Cross Section of 7-Day Llama Embryo

The standard approach used for microinjection through the zona, the technique used for injection of a single sperm or for cloning purposes, involves the use of a holding pipette to suck the surface of the zona and hold it tight against the opening at the tip. This holding pipette is presented from one side of the zona while an injection pipette is poked at it from the opposite side. This just didn't work in the case of a hatched blastocyst. The envelope just invaginated ahead of the sharp tip of the injection pipette.

It became obvious that it would take a new approach, creation of a new device, for injection into and aspiration from the central volume of a hatched embryo. I tried several different approaches to this problem before finally settling on a combination pipette, a holding pipette with an injection pipette inside it. This device, which I was able to cobble together from items I had around the lab and could buy at the local hobby shop, I called the co-axial micro injection system (CMIS) for purposes of scientific writing about it. In conversations about it with other researchers, however, it soon got the nickname "the Dracula Pipette" because of its suck-and-puncture function.

Before we could inject into these embryos, hardly any of them survived any of our freeze and thaw experiments. As soon as we got the Dracula Pipette up and running it became obvious that almost all survived, regardless of the specific protocol used. No matter what type of cryoprotectant or its concentration (within a wide range) almost all the frozen-thawed embryos survived. In fact, only the third embryo processed using the Dracula system resulted in our first-ever pregnancy from a frozen embryo!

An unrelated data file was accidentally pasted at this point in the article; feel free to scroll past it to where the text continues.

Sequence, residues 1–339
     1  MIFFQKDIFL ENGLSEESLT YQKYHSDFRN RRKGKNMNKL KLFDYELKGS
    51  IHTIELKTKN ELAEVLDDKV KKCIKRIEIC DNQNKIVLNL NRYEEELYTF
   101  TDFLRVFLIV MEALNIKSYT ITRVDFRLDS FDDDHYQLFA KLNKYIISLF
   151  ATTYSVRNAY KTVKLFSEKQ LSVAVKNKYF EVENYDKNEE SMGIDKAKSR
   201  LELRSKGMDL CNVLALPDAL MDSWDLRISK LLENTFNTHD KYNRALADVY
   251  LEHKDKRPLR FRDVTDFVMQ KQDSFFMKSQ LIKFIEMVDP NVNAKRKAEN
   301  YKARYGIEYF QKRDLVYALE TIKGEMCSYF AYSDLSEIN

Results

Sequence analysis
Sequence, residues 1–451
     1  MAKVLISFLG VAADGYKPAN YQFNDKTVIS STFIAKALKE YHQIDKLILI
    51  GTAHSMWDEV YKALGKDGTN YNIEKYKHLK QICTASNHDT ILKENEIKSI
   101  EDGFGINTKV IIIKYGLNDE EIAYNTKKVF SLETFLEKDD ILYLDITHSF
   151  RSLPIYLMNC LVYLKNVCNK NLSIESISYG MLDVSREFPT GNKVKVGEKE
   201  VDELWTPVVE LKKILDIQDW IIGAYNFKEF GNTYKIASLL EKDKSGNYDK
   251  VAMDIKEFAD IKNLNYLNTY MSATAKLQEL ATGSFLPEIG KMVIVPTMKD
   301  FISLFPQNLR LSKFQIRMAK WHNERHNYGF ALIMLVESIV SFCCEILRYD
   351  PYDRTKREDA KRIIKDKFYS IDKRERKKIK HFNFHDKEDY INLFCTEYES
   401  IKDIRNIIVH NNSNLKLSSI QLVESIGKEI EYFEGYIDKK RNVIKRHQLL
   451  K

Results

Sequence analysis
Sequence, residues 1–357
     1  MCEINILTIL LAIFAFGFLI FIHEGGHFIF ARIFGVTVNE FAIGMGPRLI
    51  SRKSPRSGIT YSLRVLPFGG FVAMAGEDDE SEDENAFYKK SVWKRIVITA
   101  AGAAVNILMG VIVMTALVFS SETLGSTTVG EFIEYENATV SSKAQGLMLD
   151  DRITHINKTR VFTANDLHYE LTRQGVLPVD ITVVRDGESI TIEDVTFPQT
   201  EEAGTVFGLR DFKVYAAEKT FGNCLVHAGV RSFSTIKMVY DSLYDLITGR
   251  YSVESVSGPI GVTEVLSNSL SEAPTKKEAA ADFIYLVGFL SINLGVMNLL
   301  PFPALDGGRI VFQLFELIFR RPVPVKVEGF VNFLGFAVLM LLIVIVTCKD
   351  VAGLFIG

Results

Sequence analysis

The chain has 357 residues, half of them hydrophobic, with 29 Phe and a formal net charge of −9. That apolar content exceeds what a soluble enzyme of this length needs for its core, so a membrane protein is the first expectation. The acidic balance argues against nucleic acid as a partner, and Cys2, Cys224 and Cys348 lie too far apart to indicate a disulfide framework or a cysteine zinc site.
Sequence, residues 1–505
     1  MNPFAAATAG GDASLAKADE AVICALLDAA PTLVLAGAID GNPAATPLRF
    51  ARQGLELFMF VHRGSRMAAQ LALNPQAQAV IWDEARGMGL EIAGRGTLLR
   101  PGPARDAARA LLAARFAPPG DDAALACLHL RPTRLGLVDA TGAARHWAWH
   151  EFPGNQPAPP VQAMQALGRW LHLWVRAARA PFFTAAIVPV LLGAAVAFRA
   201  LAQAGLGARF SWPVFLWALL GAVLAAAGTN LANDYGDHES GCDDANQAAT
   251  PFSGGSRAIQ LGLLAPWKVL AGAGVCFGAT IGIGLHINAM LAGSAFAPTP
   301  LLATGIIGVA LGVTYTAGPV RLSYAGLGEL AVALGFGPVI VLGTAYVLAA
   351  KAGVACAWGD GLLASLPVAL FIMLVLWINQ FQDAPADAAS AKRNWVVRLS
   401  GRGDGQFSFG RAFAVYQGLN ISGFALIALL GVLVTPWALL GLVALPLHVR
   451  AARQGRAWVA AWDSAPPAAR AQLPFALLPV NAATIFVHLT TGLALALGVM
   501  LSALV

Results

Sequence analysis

This breakthrough device allowed us to inject cryoprotectant directly into the central volume of a hatched blastocyst and then to remove almost all of the resulting fluid from inside the envelope of living cells. This shortened the total time of exposure to cryoprotectant for these cells and resulted in a higher intracellular concentration of cryoprotectant at the moment of the freeze. Then, immediately after the thaw, we could again grasp the deflated envelope and reinflate it with a culture solution to allow the cryoprotectant inside the cells to migrate out in both directions, toward the central volume as well as toward the outside.

All that remained was to find the very best combination of solutions and timing to freeze these embryos of the camelids for commercial uses. We and other camelid researchers around the world are working on that fine-tuning right now. Because almost every embryo survives the freeze to tell us its story, we are finally closing in on a protocol that will give us virtually the same survival and pregnancy rate for frozen embryos as for fresh embryos.

At the same time, llama and alpaca breeders in almost every country where these camelids exist are applying for government permits to allow importation of frozen embryos. In the US, UK, EEU, Chile, Australia and New Zealand, regulators are finding formal requests for importation of frozen llama and alpaca embryos on their desks. Within a year or two, it should be possible to move frozen hatched blastocysts of llamas and alpacas to just about anywhere from just about anywhere. As one longtime alpaca breeder in the US put it, "This will really change the landscape."